Bernie Sanders spoke for eight and a half hours on Friday. Believe it or not, it wasn’t a filibuster. There weren’t any votes until the next day. He didn’t start reading the phone book because he wanted to talk longer. It was a speech. For eight and half hours, Sanders shared his concerns and passions regarding every topic that he could think of.

He addressed it directly at President Obama, reminding him that there were issues he should be dealing with and that the over 100 billion dollars going to the wealthy could be better spent. Most progressives would say that Sanders was right. Unfortunately, being president isn’t about being right.

Sanders was irked about the tax cut deal that Obama cut with the GOP. He couldn’t stand that it paid out hundreds of thousands of dollars to controversial wall street CEOs while it didn’t do anything to help the long term unemployed. Sanders sought to remind the president that he owed his election to his progressive supporters. Sanders thought he should have played hardball.

Obama, who didn’t want to play games with the other 98% of America’s future, decided instead to compromise. He said that he liked parts and didn’t like parts. It may be accurate, but it seems a little bland. The Republicans were happy and Obama wasn’t noticeably upset about anything until his base complained. Then he scolded them. Calling the tax cuts for the wealthy a ‘necessary evil’ would’ve been a wise way to go about this if Obama wanted to energize his base. With the election almost two years off, it appears as though he doesn’t.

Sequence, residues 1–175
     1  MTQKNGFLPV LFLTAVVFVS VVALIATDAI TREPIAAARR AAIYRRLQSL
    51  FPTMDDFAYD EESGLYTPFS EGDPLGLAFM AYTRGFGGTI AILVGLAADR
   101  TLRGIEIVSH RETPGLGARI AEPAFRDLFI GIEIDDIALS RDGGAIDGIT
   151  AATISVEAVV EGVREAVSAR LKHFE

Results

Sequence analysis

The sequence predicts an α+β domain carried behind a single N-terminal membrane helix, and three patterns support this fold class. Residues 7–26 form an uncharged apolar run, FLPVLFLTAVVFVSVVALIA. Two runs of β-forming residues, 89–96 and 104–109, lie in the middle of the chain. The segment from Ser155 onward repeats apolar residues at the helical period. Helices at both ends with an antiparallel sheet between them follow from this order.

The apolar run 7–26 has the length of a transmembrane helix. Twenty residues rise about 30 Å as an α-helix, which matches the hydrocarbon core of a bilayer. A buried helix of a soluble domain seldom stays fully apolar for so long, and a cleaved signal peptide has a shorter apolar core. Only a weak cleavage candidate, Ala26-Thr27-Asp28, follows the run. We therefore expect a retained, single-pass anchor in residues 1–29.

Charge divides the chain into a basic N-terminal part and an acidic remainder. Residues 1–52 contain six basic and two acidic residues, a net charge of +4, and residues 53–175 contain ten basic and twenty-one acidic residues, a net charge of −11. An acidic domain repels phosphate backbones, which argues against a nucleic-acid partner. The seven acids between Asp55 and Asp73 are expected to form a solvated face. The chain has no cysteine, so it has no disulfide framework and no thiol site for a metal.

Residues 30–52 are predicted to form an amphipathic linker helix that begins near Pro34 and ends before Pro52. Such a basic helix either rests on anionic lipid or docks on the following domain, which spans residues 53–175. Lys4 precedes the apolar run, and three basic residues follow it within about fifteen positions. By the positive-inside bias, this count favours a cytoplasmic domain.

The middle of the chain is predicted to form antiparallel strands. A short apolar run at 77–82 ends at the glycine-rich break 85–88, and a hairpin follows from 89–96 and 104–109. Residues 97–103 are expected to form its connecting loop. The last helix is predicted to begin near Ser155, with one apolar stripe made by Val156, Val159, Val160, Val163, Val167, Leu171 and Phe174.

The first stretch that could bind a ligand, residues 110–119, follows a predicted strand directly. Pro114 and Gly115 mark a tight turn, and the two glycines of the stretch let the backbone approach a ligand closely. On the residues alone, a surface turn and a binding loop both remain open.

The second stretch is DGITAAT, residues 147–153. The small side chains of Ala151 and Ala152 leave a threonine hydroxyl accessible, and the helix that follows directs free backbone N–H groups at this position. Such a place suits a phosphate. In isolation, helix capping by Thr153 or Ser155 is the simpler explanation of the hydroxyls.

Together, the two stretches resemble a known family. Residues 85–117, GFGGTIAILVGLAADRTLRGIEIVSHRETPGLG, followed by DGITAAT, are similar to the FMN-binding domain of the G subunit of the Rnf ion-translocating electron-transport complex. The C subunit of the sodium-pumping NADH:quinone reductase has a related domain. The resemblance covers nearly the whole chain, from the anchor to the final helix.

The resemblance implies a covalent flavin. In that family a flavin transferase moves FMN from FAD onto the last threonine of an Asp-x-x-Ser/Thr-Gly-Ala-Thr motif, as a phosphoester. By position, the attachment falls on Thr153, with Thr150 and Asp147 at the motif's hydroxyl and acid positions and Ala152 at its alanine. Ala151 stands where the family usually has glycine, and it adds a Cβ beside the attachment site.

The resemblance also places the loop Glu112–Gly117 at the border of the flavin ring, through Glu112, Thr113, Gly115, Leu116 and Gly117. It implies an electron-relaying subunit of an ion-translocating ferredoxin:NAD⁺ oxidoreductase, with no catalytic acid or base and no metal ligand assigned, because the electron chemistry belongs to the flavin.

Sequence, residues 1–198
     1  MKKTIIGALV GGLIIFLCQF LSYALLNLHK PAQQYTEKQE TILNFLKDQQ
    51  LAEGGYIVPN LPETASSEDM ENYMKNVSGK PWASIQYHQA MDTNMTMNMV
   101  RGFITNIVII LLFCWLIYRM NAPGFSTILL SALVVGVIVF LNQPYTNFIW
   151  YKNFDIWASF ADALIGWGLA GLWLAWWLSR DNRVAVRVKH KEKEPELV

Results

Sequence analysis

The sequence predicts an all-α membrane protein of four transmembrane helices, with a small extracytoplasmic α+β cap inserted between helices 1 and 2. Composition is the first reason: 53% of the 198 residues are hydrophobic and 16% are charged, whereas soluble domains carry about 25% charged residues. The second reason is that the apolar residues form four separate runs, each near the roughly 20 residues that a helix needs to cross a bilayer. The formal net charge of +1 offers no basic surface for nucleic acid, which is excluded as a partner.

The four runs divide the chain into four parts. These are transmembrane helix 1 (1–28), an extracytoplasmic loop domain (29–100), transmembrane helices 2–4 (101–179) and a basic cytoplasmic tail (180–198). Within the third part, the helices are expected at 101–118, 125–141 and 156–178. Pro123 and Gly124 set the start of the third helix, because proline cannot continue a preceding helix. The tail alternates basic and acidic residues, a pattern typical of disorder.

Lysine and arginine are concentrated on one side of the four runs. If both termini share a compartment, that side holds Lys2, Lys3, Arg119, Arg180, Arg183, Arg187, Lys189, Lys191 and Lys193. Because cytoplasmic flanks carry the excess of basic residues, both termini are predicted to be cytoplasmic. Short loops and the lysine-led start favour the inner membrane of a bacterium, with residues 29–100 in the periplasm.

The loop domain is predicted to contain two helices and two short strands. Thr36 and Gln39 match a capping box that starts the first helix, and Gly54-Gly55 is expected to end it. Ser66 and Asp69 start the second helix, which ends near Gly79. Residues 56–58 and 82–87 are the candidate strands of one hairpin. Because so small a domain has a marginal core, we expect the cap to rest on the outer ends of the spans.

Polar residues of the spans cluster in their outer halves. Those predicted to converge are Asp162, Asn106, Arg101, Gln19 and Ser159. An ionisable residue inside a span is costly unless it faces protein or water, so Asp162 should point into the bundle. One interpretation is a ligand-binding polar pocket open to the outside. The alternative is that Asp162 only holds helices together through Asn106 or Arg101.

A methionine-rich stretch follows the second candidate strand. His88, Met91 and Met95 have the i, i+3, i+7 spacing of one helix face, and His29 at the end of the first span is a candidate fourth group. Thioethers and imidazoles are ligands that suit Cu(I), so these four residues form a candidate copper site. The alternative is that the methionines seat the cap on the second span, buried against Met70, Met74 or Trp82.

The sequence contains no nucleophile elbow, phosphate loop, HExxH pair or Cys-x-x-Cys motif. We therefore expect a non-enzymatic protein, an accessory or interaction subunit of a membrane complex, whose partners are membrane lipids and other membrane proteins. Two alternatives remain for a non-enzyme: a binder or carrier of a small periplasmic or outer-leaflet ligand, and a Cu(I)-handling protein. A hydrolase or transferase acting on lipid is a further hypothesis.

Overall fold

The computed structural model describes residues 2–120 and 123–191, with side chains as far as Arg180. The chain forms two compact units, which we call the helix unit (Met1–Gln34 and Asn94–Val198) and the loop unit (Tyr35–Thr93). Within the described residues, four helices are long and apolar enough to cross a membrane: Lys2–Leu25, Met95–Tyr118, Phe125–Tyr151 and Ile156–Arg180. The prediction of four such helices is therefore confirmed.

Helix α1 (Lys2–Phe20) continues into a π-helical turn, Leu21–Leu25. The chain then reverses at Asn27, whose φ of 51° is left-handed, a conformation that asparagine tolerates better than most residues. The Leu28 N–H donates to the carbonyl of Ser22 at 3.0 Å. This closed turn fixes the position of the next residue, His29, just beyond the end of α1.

Obama should be glad that Sanders spoke up. Someone had to address the frustrations of the progressives after the Bush tax cuts for billionaires were set to be extended for two more years. In the process of governing, Obama had to make a sacrifice. That’s what presidents do. Sanders, a senator from liberal-friendly Vermont, doesn’t.

That doesn’t make his opinion any less relevant (in fact, its probably more genuine). It just means that Sanders can focus on ideology and moving the country to the left without having to worry about Republicans getting on board.

While there were many powerful quotes in his speech, one really grabbed my attention. Sanders named Obama then said “if he is the Democratic candidate (in 2012).” This is the first real mention of a primary challenge from anyone outside the blogosphere, and it got people talking.

Ismael Reed wrote in the New York Times that its unlikely a democrat would win in 2012 if Obama were challenged in the primary. He’s probably right. He also said it would cost the Democrats the black vote. On that point, I think he’s crazy. Calling Obama out for moving to the center doesn’t make Democrats seem like Republicans for a largely liberal section of the population just because the president is black. It does, however, make them seem delusional because he hasn’t pulled a Lieberman on us, or at least not willingly. The country made a sharp right, and now Obama needs more than two Republicans from Maine to give him permission to govern.

President Obama has reason to be upset by his increasingly frustrated progressive supporters. He’s done a lot for the nation in just two years, and he’s not getting enough credit. Yes, the legislation has been watered down. In congress, where neither Obama nor the Democrats have any control because of the GOP’s rampant filibustering.

A primary challenge would, in all likelihood, end Obama’s political career. Luckily for him, it won’t happen. Most Democrats just want to fix problems and will accept even imperfect solutions. There are, of course, those more interested in playing politics than participating in them. And after seeing that strategy earn the GOP a spot at the negotiating table suspiciously devoid of Congressional Democrats, some progressives are starting to think that hollow threats are the only way to grab Obama’s attention.

That attitude isn’t going to disappear anytime soon. Progressives aren’t going to feel like they’re being represented by the great negotiator if the only other people at the table are the Republicans. As long as Obama continues to define bipartisanship as himself compromising with Republicans radical and moderate alike, the liberal wing of his own party will feel left out in the cold.